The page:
In my opinion, it is not through the building up and the escalation of technologies, however sophisticated they may be, that we will achieve greater security in Canada, in North America or on planet earth. It is not through such escalation that we can reduce the gap between good states and evil states. I do not think that building a fortress here in North America will solve these sorts of issues, which are vital to the long-term security of humanity.
We are in a situation similar to the one in which those people living behind barricades and in fortresses find themselves. Sometimes, when we visit certain countries, we realize that rich people have beautiful residences that cannot be seen from the street because they are hidden behind high walls. Are these people really safe behind those high walls? They claim they are. And when things get bad, they simply add a few more rows of blocks and make the wall higher.
Then they install barbed wire, control towers and radar to watch over everything. But when they leave their fortress, are they safe? They have to be escorted by armed guards to get to an airport to travel. They have to be escorted for their own safety to get to their offices downtown. Are they safe? They can defend themselves as long as they are inside their fortress. Once they leave, real life is waiting for them.
The same thing is true on an international level. It is possible to build a system where you are almost invulnerable as long as you stay inside your own walls. As soon as you leave, real life is waiting for you. Is it really any good to have a fortress in which we see ourselves as invulnerable? If, in the future, we run out of water, if the land around becomes a desert, if disease devastates the entire country and other continents, where is the security in that?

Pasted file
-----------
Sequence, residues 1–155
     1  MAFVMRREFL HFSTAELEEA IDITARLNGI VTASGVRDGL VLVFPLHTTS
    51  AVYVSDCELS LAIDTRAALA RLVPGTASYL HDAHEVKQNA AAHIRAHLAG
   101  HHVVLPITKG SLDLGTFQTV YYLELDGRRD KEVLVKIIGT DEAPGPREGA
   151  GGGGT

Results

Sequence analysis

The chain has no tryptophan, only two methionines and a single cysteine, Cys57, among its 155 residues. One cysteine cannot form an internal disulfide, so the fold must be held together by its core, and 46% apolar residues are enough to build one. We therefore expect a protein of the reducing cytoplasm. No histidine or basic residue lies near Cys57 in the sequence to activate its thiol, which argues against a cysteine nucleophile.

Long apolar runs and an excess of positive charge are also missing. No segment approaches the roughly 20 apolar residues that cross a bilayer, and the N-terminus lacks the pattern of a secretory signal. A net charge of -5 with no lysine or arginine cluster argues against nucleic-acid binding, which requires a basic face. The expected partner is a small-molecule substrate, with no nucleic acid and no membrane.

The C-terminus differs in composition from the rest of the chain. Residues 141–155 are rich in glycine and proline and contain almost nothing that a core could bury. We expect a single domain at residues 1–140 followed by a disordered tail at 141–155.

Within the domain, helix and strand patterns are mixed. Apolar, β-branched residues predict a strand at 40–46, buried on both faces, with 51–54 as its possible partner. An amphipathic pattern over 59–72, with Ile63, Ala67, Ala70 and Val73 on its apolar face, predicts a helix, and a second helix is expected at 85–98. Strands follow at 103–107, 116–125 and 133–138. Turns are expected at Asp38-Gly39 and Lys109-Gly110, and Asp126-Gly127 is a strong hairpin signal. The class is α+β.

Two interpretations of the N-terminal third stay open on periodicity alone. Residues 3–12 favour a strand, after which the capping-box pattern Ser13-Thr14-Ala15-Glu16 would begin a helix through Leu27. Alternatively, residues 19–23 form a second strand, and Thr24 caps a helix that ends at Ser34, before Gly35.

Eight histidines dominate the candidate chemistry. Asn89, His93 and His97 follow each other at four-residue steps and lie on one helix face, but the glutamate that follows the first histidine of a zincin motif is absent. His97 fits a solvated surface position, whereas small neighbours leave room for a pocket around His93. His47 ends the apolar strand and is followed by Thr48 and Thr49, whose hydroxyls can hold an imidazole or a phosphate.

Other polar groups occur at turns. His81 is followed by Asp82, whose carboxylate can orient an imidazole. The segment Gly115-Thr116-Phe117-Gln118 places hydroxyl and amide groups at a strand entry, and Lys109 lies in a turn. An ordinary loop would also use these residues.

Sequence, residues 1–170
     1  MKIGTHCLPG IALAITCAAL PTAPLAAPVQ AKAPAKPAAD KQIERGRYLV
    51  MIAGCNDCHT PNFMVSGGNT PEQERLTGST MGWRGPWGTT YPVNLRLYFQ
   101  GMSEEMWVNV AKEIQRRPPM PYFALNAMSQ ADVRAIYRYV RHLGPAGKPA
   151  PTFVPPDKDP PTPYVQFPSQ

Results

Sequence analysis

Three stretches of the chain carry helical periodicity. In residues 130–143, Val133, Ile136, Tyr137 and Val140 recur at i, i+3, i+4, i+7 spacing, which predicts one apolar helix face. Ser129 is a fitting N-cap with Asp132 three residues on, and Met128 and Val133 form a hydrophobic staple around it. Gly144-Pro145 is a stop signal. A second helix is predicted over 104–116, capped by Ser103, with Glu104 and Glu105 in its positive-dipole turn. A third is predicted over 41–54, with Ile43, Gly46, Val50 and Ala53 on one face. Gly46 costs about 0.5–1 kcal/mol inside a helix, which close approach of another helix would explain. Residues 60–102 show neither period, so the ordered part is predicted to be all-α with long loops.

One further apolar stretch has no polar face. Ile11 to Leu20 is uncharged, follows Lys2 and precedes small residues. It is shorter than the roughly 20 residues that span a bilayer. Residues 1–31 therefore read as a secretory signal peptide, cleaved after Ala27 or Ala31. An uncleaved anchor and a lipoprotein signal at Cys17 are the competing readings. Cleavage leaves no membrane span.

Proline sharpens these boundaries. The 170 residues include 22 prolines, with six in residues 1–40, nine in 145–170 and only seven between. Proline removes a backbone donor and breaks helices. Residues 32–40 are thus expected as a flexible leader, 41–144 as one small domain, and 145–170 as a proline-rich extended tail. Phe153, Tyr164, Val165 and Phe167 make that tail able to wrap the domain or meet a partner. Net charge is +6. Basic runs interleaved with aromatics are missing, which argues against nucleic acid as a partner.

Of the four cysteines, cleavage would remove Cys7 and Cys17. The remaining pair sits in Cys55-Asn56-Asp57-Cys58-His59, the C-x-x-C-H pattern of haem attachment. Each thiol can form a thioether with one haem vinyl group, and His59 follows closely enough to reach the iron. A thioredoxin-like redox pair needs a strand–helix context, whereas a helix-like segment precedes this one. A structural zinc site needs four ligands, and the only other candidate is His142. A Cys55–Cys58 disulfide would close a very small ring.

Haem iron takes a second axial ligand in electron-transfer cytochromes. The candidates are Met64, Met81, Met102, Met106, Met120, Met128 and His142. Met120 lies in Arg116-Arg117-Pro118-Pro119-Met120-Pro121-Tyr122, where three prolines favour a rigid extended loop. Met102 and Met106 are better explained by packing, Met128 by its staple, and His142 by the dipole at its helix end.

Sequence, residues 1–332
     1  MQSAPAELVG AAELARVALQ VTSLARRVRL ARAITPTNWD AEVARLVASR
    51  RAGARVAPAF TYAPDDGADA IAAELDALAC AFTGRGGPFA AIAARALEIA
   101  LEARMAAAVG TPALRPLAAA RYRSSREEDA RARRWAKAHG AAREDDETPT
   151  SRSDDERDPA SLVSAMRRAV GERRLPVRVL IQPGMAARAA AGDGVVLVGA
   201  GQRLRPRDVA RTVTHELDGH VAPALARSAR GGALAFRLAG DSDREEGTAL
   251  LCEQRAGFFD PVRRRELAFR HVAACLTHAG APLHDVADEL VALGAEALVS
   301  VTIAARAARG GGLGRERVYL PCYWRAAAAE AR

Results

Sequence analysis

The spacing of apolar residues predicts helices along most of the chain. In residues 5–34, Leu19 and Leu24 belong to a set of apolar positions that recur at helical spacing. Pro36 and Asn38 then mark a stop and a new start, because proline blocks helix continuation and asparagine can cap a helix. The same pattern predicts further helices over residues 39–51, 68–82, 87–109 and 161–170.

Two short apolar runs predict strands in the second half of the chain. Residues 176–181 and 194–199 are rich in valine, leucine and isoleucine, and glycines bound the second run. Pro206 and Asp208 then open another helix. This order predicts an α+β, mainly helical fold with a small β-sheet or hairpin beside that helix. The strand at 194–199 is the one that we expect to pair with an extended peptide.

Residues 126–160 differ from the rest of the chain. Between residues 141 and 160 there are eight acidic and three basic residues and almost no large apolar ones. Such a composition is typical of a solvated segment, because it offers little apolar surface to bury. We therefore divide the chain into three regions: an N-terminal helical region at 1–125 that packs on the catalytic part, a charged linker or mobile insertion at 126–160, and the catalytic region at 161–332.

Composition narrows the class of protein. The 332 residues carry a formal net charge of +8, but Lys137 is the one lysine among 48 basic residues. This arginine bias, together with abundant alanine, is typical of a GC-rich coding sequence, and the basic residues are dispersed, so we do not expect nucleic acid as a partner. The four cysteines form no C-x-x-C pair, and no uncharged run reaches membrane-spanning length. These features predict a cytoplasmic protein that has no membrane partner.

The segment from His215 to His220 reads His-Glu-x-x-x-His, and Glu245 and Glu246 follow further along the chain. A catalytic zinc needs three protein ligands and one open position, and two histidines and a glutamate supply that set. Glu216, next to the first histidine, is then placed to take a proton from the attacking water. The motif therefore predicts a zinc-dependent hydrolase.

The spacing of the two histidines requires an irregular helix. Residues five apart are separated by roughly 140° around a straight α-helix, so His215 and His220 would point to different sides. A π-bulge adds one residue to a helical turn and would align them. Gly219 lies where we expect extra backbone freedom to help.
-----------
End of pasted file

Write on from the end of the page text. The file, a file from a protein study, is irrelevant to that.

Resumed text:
Some people, some countries and some elite groups can believe they are safe, but this does not move the planet forward. In my opinion, we are all in the same boat. As earthlings, we are on a space ship. The survival of one means the survival of all. We will all live or we will all die.
All the escalating and ruinously expensive technologies will not help us one bit in this regard. Instead, it will take international cooperation, the development of multilateral tools, rebuilding the UN and the Security Council, a better balance between the haves and the have nots and between the continents and the superpowers. The creation of new tools will put us on the road to achieving this security, which is much more important and encompassing than the stockpile of defence weapons that only temporarily protect our own fortress.
There are battles ahead. The battle for a clean environment and for sustainable development around the world, for the eradication of poverty afflicting pockets on each continent, for access to water, food, shelter, physical security, and education. These measures are the ones that ensure security in the middle and long term.
Canada should send this message to the U.S., international public opinion and UN forums. It should send the message that this is our first choice. Those are the terms of this debate, in my opinion.

Topic:   Government Orders
Subtopic:   Supply